Around Cook County

News and other information from Cook County

Progress on the Gitchi-Gami State Trail

Tue, 06/11/2013 - 4:17pm

Construction in progress, but plenty of miles open on the Gitchi Gami State Trail.  WTIP volunteerRandy Eastlund learns more in this interview with Kevin Johnson of DNR Parks and Trails.

{click above to listen}

photo courtesy of the Gitchi-Gami Trail Association

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Temperance River State Park to host camping basics program on June 22

Tue, 06/11/2013 - 2:37pm

Families will learn all the skills they need to camp outdoors at a one-night “I Can Camp!” program on Saturday, June 22, at Temperance River State Park on the north shore of Lake Superior near Schroeder, Minn.

Experienced instructors from Conservation Corps Minnesota will teach participants basic camping and outdoor skills, including how to set up a tent, start a campfire and prepare simple and delicious meals. All camping equipment is provided (including tents, air mattresses and cook stoves). Participants just bring their own food and bedding (sleeping bags or blankets and pillows).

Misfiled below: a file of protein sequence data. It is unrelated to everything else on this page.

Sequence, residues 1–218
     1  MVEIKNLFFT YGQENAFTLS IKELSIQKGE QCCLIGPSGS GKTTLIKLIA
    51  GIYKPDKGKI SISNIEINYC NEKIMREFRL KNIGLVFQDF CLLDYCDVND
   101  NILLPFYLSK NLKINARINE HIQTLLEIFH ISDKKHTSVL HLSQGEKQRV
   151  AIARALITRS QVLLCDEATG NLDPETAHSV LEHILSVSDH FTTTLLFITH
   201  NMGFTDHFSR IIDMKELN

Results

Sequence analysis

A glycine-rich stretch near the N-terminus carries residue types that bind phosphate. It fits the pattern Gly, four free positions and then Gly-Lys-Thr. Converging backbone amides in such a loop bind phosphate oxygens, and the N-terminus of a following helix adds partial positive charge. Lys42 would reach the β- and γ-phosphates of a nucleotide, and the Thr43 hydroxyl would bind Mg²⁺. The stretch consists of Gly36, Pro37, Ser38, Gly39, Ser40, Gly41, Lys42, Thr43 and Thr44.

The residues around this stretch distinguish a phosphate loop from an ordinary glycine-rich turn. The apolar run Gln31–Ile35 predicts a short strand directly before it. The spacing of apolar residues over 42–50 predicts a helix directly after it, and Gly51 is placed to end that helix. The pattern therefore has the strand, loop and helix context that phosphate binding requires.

The “I Can Camp!” program fee is $40 for a tent that accommodates up to six people. A one-day vehicle pass will be included as part of the program fee or participants may buy a year-round Minnesota state parks permit for an additional $20.
Advance registration is required. To register, call 866-857-2757 (toll free) daily between 8 a.m. and 8 p.m. For more information, visit or call the DNR Information Center at 651-296-6157 (or 888-646-6367 toll free) between 8 a.m. and 4:30 p.m. Monday through Friday.
This program is part of an ongoing effort by the DNR Parks and Trails Division to connect people with the outdoors. The division also offers skill-building programs that introduce fishing, paddling, climbing and archery to beginners.

Funding for this I Can Camp! program is from the Parks and Trails Fund, created after voters approved the Clean Water, Land and Legacy Amendment in November 2008. The Parks and Trails Fund receives 14.25 percent of the three-eighths percent sales tax revenue that may only be spent to support parks and trails of regional or statewide significance.